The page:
Keith Van Horn arrived to the NBA following an All-American career at Utah. A rangy 6'10 235-pound athlete, Van Horn had good hops, very good range on his jumper and was a decent-to-good college rebounder. NBA scouts looked for him to score as a pro. Van Horn became a New Jersey Net, and joined a good cast of players that had some believing the Nets could soon contend. Quickly, Van Horn was soon among the NBA's top scorers. But injuries and trades did both Van Horn and the team in. Van Horn has since bounced around the league looking for an opportunity. Race politics likely were behind his trade out of New York, where he had briefly been the team's top scorer, but was suddenly sent packing by Isiah Thomas. Highly paid as a scoring star, Van Horn has for years not gotten the minutes such pay usually warrants. Today, he is basically retired, never having gotten the chances his early potential hoped for.
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Player=Keith Van Horn Sport=NBA </stats>
Van Horn is a big man (6'10") but has never played like one. Instead, he prefers to stand at the 3-point line and wait for a kick-out, where he can either shoot a long jumper (he's a career .361 shooter from downtown) or put the ball on the floor going to his right. When he drives, he has a tendency to get stripped of the ball, though, and he has very little court vision to find the open man if help comes. Van Horn has a few post moves, but is mostly effective down low only when he has a mismatch with a smaller SF.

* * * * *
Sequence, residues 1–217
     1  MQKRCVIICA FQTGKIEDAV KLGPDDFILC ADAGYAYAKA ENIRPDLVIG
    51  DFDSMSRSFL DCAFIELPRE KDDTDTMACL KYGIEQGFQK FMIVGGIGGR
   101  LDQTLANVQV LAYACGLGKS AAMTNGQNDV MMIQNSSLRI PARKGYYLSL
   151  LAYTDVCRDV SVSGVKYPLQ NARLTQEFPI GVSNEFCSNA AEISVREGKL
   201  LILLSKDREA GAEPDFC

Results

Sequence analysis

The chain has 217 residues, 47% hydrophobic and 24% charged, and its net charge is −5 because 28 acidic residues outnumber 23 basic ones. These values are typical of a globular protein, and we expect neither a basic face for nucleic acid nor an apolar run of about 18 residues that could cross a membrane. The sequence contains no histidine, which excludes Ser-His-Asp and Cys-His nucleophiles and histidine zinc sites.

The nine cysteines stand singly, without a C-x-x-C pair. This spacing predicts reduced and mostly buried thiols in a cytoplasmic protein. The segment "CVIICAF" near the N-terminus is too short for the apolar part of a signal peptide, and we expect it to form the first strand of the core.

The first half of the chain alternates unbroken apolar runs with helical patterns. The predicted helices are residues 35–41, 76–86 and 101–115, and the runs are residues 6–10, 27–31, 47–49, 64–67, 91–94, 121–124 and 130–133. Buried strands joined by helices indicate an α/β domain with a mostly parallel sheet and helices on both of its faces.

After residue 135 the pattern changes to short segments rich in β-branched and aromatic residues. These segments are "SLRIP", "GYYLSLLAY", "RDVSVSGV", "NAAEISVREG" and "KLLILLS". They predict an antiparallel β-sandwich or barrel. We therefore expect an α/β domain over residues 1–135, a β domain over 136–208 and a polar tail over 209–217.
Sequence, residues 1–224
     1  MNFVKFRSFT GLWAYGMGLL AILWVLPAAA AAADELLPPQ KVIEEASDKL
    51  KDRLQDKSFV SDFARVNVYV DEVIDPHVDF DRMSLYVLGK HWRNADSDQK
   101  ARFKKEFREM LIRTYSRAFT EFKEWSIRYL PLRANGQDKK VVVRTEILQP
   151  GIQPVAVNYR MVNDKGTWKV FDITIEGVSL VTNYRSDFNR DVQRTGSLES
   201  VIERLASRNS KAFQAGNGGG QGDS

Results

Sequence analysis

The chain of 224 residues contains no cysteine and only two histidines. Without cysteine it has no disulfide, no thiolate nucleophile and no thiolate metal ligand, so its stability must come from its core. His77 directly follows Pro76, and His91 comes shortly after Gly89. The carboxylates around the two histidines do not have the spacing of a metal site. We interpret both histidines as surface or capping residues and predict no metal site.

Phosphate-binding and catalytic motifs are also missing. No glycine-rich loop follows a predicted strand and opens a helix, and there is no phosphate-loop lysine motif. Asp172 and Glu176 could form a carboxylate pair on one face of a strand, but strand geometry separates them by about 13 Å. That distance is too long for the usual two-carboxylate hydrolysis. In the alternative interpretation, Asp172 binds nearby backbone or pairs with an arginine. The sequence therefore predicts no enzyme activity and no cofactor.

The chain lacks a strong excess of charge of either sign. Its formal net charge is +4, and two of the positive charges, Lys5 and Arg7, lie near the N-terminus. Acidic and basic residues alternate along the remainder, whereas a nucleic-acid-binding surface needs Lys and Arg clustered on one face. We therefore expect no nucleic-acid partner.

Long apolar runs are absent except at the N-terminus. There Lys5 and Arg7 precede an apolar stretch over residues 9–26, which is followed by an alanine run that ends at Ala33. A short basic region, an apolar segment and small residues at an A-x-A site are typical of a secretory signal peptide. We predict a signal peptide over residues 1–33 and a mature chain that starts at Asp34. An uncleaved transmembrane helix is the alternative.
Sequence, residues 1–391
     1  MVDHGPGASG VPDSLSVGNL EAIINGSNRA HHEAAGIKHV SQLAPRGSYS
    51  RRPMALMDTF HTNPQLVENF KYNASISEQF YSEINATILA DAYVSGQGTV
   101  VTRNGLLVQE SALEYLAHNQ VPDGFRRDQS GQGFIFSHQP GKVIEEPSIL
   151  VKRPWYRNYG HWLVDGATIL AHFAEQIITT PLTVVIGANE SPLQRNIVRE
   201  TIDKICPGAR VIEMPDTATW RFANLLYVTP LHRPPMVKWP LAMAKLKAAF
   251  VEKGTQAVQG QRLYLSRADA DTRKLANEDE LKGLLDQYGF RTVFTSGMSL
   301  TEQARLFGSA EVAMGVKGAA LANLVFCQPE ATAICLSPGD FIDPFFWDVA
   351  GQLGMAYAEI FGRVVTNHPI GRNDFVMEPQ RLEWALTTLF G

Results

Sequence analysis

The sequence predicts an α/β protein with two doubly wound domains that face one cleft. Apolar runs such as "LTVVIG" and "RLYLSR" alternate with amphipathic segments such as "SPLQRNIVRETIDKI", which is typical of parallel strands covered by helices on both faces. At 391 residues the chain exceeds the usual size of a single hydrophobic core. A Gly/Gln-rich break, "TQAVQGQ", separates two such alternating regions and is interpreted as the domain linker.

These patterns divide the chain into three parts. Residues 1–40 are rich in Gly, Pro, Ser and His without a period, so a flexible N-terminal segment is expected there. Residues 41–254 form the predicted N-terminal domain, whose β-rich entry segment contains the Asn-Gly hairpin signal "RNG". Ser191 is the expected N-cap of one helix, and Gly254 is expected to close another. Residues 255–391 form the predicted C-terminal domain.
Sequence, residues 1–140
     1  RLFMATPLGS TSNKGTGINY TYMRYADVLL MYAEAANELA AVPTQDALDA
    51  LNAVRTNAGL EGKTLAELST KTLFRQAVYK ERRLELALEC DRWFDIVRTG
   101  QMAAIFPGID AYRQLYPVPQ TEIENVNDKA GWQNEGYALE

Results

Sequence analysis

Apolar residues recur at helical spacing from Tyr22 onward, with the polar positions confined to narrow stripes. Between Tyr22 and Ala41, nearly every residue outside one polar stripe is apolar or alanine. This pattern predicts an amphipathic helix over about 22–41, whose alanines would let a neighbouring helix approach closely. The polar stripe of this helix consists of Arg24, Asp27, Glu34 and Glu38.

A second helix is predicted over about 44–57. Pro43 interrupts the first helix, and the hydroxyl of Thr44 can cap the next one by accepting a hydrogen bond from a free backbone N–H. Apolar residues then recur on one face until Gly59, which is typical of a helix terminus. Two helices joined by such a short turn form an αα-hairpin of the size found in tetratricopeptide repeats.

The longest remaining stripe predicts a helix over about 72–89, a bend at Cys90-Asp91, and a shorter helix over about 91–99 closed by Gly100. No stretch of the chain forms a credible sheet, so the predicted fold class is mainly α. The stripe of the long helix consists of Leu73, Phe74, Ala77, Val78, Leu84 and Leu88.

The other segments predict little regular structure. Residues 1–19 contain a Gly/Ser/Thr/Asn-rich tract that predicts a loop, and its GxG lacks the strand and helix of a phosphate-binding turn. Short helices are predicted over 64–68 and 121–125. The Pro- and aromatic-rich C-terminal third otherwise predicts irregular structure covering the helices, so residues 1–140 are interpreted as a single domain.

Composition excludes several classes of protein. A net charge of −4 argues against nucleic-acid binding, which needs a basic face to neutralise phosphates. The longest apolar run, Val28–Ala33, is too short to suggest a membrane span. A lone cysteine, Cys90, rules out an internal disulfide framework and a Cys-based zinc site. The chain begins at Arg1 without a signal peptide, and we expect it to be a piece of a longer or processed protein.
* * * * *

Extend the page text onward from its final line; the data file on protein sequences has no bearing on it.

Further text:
Defense & Rebounding
Van Horn used to be a pretty good rebounder for a small forward, especially on the offensive end, but now he's mediocre at best on the boards. What's more, Van Horn is a brutally bad defender, lacking the quickness to stay with SF's and the toughness to stop PF's, who can post him up with impunity. Van Horn is such a liability on defense, in fact, that there is little reason to keep him on the floor if his shots are not falling.
Van Horn has found an ideal role in Dallas, where he is simply asked to come off the bench and provide instant offense. That said, his game is declining rapidly, and even his scoring rate (a career-low 17.3 Pts/40 in 2005-06) is falling off. He's a free agent after the season, but the buyers might want to beware: most players of Van Horn's ilk were out of the league within two years of their 30th birthday. The burden is on Van Horn to prove history wrong.